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so delusive. He accompanied Fergus with downcast eyes, tingling ears, and the sensation of a criminal, who, while he moves slowly through the crowds that have assembled to behold his execution, receives no clear sensation either from the noise which fills his ears, or the tumult on which he casts his wandering look.

Flora seemed a little--a very little - affected and discomposed at his approach. «I bring you an adopted son of Ivor,» said Fergus.

« And I receive him as a second brother,» replied Flora.

There was a slight emphasis on the word which would have escaped every ear but one that was feverish with apprehension. It was however distinctly marked, and, combined with her whole tone and manner, plainly intimated, «I will never think of Mr Waverley as a more intimate connexion.» Edward stopped, bowed, and looked at Fergus, who bit his lip; a movement of anger, which proved that he also put a sinister interpretation on the reception which his sister had extended his friend. « This then is an end of my day-dream!» Such was Waverley's first thought, and it was so exquisitely painful as to banish from his cheek every drop of blood.

VOL. II.

IO

« Good God!» said Rose Bradwardine, «he is not yet recovered!»

These words, which she uttered with great emotion, were overheard by the Chevalier himself, who stepped hastily forward, and, taking Waverley by the hand, enquired kindly after his health, and added, that he wished to speak with him.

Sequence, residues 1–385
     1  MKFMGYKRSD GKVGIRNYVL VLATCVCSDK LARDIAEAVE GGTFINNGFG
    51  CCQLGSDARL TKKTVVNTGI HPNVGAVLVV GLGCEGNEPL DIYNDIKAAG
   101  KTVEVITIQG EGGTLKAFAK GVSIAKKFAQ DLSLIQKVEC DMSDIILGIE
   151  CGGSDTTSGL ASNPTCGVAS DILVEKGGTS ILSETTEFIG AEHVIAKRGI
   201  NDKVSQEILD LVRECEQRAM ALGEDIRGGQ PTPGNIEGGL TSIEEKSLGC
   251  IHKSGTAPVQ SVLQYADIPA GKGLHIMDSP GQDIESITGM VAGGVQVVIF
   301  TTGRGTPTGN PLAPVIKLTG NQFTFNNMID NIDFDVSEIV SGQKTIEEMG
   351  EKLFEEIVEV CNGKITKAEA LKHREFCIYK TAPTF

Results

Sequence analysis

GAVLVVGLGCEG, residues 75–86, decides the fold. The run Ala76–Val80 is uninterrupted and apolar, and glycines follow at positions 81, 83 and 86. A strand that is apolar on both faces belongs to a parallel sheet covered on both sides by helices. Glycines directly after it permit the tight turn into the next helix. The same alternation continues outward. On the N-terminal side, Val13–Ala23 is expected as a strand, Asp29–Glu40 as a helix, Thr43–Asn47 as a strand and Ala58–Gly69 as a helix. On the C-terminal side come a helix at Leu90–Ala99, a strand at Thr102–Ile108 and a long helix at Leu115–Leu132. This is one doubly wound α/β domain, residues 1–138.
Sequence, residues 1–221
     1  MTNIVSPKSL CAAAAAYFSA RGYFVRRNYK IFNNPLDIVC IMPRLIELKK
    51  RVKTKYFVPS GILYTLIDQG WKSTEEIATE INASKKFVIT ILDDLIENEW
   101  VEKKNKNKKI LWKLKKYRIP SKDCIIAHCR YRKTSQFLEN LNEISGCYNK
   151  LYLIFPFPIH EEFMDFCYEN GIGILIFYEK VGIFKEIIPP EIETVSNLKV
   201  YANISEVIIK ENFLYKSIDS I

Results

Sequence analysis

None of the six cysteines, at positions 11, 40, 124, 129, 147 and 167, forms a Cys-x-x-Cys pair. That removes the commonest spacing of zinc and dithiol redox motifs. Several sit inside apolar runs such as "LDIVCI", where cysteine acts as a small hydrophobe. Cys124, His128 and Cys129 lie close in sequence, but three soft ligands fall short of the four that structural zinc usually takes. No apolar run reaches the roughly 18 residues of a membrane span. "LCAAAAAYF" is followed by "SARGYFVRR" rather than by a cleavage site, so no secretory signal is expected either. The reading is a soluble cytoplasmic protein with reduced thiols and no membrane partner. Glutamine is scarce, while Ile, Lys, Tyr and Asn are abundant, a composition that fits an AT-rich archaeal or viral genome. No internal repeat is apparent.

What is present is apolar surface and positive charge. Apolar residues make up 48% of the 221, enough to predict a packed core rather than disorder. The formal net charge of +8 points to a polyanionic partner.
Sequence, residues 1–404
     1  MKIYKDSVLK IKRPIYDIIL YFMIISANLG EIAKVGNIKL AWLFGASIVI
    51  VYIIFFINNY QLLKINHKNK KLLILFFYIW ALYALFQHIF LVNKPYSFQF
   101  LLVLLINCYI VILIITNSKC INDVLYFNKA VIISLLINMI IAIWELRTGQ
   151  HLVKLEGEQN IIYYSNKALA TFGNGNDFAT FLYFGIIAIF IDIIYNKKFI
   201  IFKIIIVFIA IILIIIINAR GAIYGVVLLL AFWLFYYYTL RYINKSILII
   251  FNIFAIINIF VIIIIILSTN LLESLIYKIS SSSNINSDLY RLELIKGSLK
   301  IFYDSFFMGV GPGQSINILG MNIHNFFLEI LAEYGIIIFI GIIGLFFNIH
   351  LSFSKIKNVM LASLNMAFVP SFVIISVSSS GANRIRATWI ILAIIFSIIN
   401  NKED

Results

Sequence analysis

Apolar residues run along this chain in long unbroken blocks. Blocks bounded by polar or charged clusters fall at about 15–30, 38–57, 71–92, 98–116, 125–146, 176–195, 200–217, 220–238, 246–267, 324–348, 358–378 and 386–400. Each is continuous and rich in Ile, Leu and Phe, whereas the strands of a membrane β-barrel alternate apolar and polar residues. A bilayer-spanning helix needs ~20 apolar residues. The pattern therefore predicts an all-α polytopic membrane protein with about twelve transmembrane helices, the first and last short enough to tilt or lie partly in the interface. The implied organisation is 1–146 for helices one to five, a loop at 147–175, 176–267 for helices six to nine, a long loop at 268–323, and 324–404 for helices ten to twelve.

By a strong and sudden effort, which the circumstances rendered indispensable, Waverley recovered himself so far as to follow the Chevalier in silence to a sort of recess in the apartment.

Here the Prince detained him for some time, asking various questions about the great tory and catholic families of England, their connexions, their influence, and the state of their affections towards the house of Stuart. To these queries Edward could not at any time have given more than general answers, and it may be supposed that, in the present state of his feelings, his responses were indistinct even to confusion. The Chevalier smiled once or twice at tlre incongruity of his replies, but continued the same style of conversation, although he found himself obliged to occupy the principal share of it, until he perceived that Waverley had recovered his presence of mind. It is probable that this long audience was partly meant to further the idea which the Prince desired should be entertained among his followers, that Waverley was a character of political in

fluence. But it appeared from his concluding expressions, that he had a different and goodnatured motive, personal to our hero, for prolonging the conference. « I cannot resist the temptation,», he said, « of boasting of my own discretion as a lady's confidant. You see, Mr Waverley, that I know all, and I assure you I am deeply interested in the affair. But, my good young friend, you must put a more severe restraint upon your feelings. There are many here whose eyes can see as clearly as mine, but the prudence of whose tongues may not be equally trusted. »